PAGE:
13. Mastectomy or breast conserving surgery? Factors affecting type of surgical treatment for breast cancer – a classification tree approach

    International Nuclear Information System (INIS)

    Martin, Michael A; Meyricke, Ramona; O'Neill, Terry; Roberts, Steven

    2006-01-01

    A critical choice facing breast cancer patients is which surgical treatment – mastectomy or breast conserving surgery (BCS) – is most appropriate. Several studies have investigated factors that impact the type of surgery chosen, identifying features such as place of residence, age at diagnosis, tumor size, socio-economic and racial/ethnic elements as relevant. Such assessment of 'propensity' is important in understanding issues such as a reported under-utilisation of BCS among women for whom such treatment was not contraindicated. Using Western Australian (WA) data, we further examine the factors associated with the type of surgical treatment for breast cancer using a classification tree approach. This approach deals naturally with complicated interactions between factors, and so allows flexible and interpretable models for treatment choice to be built that add to the current understanding of this complex decision process. Data was extracted from the WA Cancer Registry on women diagnosed with breast cancer in WA from 1990 to 2000. Subjects' treatment preferences were predicted from covariates using both classification trees and logistic regression. Tumor size was the primary determinant of patient choice, subjects with tumors smaller than 20 mm in diameter preferring BCS. For subjects with tumors greater than 20 mm in diameter factors such as patient age, nodal status, and tumor histology become relevant as predictors of patient choice. Classification trees perform as well as logistic regression for predicting patient choice, but are much easier to interpret for clinical use. The selected tree can inform clinicians' advice to patients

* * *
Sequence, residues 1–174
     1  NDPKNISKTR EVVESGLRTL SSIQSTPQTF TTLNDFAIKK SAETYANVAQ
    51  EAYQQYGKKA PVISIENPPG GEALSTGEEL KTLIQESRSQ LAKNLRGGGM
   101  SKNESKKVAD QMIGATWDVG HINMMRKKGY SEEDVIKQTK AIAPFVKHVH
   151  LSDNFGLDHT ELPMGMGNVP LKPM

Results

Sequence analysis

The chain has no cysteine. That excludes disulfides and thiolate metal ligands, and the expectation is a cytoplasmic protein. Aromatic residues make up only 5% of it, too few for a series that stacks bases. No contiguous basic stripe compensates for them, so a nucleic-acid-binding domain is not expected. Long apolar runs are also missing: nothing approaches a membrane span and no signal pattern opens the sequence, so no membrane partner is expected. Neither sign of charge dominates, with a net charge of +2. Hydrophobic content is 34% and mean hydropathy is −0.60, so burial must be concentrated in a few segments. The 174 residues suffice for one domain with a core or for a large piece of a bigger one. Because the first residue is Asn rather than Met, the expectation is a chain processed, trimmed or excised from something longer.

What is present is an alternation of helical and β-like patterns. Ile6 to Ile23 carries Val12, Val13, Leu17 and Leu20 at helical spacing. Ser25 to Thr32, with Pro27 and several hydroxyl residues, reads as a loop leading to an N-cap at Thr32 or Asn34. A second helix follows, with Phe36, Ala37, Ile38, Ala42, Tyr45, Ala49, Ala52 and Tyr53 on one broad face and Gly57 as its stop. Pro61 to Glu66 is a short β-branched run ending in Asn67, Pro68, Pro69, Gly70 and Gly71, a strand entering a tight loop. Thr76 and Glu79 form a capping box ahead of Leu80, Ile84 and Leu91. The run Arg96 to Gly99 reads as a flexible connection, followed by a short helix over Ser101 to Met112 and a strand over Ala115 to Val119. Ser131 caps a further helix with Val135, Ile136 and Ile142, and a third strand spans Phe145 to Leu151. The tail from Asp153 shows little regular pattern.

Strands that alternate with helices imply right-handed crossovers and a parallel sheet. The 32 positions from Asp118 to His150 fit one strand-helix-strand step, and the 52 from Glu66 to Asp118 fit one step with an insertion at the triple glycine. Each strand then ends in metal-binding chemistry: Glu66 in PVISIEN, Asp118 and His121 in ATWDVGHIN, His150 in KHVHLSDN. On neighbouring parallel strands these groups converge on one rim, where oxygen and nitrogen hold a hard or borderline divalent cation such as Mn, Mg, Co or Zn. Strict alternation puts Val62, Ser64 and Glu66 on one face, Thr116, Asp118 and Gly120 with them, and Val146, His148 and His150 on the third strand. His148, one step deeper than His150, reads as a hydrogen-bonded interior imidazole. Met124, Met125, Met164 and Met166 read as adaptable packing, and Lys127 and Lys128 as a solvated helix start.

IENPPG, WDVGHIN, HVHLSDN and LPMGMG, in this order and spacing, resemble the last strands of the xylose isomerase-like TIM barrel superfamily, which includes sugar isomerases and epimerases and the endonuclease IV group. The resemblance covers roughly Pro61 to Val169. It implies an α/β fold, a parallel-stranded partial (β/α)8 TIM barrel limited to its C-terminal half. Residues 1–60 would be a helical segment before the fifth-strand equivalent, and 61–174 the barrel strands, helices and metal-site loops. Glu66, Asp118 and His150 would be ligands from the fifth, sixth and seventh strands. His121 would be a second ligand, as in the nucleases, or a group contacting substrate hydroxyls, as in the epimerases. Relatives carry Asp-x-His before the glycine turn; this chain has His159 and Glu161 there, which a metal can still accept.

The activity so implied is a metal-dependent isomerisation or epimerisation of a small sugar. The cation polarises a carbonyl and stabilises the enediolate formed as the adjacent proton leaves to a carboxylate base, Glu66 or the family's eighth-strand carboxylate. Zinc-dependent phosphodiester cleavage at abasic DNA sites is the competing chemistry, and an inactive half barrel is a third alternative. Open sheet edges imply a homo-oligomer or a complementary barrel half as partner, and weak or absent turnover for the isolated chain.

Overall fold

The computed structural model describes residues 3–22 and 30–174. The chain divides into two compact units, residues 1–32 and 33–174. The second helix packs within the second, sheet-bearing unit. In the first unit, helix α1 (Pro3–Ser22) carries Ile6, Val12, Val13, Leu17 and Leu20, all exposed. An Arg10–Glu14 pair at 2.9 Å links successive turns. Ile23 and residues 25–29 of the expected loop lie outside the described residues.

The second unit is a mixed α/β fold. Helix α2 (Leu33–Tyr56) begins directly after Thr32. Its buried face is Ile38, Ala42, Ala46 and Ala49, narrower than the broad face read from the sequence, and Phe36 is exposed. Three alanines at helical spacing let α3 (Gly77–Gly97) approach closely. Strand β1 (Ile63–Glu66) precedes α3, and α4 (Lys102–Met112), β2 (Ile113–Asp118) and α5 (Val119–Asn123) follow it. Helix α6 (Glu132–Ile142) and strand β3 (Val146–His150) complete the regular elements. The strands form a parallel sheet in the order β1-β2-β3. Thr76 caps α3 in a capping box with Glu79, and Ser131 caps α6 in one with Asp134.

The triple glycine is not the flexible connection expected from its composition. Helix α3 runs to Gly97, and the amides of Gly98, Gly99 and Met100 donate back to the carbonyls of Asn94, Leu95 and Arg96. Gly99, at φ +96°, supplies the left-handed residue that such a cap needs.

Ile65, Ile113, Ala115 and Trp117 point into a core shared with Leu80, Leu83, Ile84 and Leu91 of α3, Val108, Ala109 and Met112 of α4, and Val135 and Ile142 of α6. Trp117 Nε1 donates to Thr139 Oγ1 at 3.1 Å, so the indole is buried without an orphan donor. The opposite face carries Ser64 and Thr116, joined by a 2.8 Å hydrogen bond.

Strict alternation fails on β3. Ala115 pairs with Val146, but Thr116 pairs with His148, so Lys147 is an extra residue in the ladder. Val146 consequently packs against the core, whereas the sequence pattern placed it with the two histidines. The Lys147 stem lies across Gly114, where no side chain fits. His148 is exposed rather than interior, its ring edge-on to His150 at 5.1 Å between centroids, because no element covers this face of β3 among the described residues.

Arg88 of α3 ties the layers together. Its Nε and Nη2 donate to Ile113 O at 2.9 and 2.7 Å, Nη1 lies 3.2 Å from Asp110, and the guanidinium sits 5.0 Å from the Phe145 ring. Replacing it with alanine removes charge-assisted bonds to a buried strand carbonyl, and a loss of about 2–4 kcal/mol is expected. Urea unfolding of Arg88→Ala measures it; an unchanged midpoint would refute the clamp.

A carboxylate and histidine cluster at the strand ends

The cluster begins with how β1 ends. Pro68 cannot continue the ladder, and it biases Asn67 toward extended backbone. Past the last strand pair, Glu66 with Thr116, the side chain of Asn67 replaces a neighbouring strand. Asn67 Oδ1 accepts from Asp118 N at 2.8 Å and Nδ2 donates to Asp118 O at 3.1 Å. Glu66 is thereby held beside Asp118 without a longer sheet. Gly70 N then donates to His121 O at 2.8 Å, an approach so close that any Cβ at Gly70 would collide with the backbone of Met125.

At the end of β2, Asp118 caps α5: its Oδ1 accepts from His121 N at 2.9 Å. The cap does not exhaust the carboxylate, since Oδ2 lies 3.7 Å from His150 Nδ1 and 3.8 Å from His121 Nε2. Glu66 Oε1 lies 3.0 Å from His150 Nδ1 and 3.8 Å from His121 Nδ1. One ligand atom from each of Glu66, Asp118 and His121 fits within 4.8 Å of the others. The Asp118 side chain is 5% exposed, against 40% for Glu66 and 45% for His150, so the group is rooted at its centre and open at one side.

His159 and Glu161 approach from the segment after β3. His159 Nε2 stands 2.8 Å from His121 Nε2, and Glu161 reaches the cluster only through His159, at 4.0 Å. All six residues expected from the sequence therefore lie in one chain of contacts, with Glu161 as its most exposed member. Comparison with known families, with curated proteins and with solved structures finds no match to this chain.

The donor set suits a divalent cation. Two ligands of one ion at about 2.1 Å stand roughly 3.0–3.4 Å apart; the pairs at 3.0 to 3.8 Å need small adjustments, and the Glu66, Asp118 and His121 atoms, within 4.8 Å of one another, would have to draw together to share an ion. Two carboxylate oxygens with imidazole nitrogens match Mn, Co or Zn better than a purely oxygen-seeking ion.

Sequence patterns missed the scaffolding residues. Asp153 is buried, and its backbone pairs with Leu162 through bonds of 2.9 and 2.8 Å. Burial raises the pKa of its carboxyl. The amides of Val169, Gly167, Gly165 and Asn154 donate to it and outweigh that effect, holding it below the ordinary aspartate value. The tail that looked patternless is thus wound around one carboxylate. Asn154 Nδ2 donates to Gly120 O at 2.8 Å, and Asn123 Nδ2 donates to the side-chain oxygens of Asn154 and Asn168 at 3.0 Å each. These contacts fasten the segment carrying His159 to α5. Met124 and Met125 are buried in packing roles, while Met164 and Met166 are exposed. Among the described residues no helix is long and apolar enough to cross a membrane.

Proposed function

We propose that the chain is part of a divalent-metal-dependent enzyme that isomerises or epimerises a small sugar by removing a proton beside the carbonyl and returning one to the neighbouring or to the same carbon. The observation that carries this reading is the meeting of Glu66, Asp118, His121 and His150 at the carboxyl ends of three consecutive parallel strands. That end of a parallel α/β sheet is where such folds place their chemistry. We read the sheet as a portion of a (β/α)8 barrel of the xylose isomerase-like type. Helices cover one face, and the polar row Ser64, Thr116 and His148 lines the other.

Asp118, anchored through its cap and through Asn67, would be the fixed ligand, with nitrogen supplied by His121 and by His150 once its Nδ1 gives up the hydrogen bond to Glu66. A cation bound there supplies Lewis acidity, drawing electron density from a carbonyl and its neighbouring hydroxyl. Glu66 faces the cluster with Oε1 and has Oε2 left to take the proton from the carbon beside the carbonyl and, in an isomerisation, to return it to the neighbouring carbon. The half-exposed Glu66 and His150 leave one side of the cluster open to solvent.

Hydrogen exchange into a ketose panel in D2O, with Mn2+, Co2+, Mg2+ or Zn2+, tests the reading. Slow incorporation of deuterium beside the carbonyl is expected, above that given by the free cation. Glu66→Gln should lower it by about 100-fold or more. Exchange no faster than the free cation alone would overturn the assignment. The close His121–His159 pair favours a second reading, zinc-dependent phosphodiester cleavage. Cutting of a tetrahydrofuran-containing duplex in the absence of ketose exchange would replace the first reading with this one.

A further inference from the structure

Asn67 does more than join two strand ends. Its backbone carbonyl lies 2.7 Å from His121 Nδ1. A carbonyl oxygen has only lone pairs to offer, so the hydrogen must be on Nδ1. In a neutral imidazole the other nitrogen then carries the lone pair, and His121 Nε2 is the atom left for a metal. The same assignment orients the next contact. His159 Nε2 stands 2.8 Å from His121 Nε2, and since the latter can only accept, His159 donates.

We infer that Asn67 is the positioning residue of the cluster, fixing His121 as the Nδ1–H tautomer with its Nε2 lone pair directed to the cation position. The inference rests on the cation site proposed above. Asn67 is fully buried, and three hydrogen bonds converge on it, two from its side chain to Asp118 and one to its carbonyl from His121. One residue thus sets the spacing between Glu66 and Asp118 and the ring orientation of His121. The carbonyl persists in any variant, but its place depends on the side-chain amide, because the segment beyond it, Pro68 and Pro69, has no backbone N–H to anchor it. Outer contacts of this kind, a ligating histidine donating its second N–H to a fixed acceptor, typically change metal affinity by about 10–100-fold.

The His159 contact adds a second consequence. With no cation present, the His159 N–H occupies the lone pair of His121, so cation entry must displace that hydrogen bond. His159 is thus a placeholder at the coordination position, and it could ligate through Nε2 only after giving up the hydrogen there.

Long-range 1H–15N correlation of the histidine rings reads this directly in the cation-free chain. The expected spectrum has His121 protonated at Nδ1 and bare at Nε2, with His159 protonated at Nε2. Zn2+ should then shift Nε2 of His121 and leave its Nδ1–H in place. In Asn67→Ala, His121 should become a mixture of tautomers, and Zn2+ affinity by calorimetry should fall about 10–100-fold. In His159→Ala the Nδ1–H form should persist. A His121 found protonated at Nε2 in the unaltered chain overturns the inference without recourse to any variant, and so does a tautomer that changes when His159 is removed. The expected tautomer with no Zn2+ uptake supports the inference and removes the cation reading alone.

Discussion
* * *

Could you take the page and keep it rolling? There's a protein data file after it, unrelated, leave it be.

14. Woodland Mapping at Single-Tree Levels Using Object-Oriented Classification of Unmanned Aerial Vehicle (uav) Images

    Science.gov (United States)

    Chenari, A.; Erfanifard, Y.; Dehghani, M.; Pourghasemi, H. R.

    2017-09-01